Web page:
Monday, 12 March 2012

US Drone strikes may now be legal but are they right?

There has been a worrying move in recent weeks for the US to justify their use of drone warfare, not just in Afghanistan but also in other nations including Pakistan, Yeman, Somalia and the Philipines. They may be able to add de jure justification to their arsenal but have they truely considered the implications of their actions?
In the pursuit of victory in the elusive Global War On Terror (GWOT) the us justifies actions against Islamic fundementalist groups such as Al Qaeda and Al Shabab as legal under the international rules of war - the targeting of elected combatants within the defined theatre (in the GWOTs case the whole world). However, their blinkered view of their actions means they often miss the issue arising from following the warpath too closely.
Somalia is an excellent example; in the last few years the US has bnegun using drones, strike fighters and special forces operatives in an ongoing struggle against the terrorist group Al Shabab who control much of southern Somalia. In doing so, they argue they also help the Transitonal Ferderal Government and the forces of the African Union, kenya and Ethiopia in creating a secure Somalia. I would raise severla problems with this strategy:
  • The issue of sovereignty
  • The alienation of allies
  • The alienation of civilians
  • Military/aid balence
Somalia is the worlds worst 'failed state' and whether that is an agreeable label or not it presents certain facts. Somalia has no control over the legitimate use of force, over its territory and over its people. The only form of sovereignty existing in Somalia, indeed the only thin that really makes Somalia a state at all is the fact that it's border is supposedly protected under international law. The fact that this last shred of sovereignty was trodden into the dust under the combat boots of the invading Ethiopian and Kenyan armies does not mean that it should not give America pause for thought. If the aim is to help Somalia, a questionable statement in its own right, then abusing its sovereignty by deploying aerial and combat forces inside its borders without consent and conducting operations against its citizens, often with casualties, is a terrible way to go about it. It seems that America, and other guilty parties such as France, should take lessons from those states who actively support Somali sovereignty rather than riding roughshod over it in pursuit of selfish aims.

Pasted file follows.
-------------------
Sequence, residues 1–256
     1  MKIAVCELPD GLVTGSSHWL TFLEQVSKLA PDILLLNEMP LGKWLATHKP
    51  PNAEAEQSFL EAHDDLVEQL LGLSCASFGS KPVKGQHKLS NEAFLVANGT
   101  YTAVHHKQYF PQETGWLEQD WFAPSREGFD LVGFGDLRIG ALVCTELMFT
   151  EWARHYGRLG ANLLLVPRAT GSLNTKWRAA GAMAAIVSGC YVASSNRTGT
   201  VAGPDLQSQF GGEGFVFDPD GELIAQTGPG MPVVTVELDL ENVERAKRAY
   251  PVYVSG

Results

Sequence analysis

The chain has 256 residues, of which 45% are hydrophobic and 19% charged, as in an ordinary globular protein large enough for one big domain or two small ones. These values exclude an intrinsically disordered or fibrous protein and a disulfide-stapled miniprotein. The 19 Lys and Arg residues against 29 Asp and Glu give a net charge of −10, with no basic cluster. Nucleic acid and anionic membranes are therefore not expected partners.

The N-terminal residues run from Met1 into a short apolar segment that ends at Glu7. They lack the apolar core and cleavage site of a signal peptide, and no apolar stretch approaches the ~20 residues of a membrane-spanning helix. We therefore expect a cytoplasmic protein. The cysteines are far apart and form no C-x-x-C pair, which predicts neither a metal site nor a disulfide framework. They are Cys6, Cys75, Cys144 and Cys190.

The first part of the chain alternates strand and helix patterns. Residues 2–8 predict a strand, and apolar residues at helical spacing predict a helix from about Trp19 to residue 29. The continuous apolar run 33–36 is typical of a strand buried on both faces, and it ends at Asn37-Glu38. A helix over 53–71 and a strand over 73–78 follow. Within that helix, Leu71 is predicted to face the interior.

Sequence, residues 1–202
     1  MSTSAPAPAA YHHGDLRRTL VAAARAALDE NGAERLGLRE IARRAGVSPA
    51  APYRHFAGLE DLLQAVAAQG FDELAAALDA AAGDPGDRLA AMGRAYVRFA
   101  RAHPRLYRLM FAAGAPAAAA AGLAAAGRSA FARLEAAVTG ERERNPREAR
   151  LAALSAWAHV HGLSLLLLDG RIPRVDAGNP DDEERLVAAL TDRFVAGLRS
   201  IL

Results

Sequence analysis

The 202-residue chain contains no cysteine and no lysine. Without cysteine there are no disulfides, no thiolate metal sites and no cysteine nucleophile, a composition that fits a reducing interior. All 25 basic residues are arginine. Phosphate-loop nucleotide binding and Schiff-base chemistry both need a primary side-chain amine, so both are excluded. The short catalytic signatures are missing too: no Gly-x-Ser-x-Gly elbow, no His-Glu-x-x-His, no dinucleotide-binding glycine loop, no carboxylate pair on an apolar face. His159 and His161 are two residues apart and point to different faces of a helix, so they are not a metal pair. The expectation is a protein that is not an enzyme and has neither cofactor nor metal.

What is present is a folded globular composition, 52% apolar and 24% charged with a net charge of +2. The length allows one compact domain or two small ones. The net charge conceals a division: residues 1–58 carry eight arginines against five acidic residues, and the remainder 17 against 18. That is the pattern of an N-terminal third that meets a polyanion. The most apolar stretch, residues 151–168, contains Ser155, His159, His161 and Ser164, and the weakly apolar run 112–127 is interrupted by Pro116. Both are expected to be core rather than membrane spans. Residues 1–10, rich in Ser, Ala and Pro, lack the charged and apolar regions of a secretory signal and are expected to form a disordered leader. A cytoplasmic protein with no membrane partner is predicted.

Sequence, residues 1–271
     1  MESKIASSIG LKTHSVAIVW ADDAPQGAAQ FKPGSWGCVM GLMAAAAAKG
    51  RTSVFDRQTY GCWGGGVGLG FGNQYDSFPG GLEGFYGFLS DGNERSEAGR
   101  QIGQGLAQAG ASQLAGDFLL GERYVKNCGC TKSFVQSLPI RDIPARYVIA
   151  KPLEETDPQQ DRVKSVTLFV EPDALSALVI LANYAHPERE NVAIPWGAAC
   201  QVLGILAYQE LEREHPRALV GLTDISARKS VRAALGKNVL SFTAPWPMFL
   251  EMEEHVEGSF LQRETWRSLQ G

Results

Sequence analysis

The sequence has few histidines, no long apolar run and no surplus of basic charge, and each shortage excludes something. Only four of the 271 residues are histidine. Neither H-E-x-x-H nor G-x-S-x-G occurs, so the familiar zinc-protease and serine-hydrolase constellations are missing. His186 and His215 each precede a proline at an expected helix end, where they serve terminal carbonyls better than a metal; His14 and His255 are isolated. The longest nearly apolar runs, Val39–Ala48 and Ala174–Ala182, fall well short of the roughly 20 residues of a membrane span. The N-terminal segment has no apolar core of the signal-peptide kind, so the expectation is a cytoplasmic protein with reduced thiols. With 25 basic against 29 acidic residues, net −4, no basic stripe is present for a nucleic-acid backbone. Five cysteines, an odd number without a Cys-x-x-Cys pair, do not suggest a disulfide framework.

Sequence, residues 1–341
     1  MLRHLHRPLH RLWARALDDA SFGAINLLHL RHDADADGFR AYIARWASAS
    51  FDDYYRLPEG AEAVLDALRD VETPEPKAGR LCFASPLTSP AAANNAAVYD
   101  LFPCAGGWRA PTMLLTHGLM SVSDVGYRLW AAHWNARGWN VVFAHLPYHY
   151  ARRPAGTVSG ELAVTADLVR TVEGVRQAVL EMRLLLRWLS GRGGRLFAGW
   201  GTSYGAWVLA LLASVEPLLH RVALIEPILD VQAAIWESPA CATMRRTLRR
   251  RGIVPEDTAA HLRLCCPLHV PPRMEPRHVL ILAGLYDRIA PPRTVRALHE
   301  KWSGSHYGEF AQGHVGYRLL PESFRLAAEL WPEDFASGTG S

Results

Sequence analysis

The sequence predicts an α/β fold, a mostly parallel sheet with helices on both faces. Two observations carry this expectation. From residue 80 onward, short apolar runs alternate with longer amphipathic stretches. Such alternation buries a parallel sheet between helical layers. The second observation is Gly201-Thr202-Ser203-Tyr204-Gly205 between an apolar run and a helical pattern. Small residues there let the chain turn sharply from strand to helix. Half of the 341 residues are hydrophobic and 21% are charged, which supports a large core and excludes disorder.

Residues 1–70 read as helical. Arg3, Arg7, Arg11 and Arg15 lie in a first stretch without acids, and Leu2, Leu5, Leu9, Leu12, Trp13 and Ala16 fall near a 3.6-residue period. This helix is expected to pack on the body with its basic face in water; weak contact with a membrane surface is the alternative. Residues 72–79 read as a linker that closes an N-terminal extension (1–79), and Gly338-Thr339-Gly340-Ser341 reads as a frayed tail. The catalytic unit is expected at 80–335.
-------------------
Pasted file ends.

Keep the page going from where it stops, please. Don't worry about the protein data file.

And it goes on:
The US, in its hunt for terrorists, is also at risk of alienating allies and other states. Pakistan has already expressed dissatisfaction with the continued abuse of its border with Afghanistan by US forces and while one Somali minister went as far as welcoming air strikes the backlash against the statement may demonstrate that it is not the prevailing opinion. America does not have enough friends that it can afford to lose them over disputes about sovereignty and the abuse of military power.

Within the states targeted their is also an issue. Ordinary citizens fear American attacks because of the repeated loss of mass civilian life in US bombing raids. The lack of apology or restitution for these war-crimes-in-all-but-name has also turned feeling against the US, and against its allies. this can become a serious problem if America's casual and unapologetic killing of innocent people pushes citizens back into the arms of extremist groups and against democratic agents and governments.

The GWOT has also mean that one of the richest nations on Earth believes that military expenditure in the endless hunt for yet more extremists is a better way of 'helping' weak states than actually providing support and financial aid. In short America is conducting a war without boundaries or rules, a show conflict where they cannot be brought to account and paradoxically may be harming their cause more than helping it if they continue on this road of uncaring military force.

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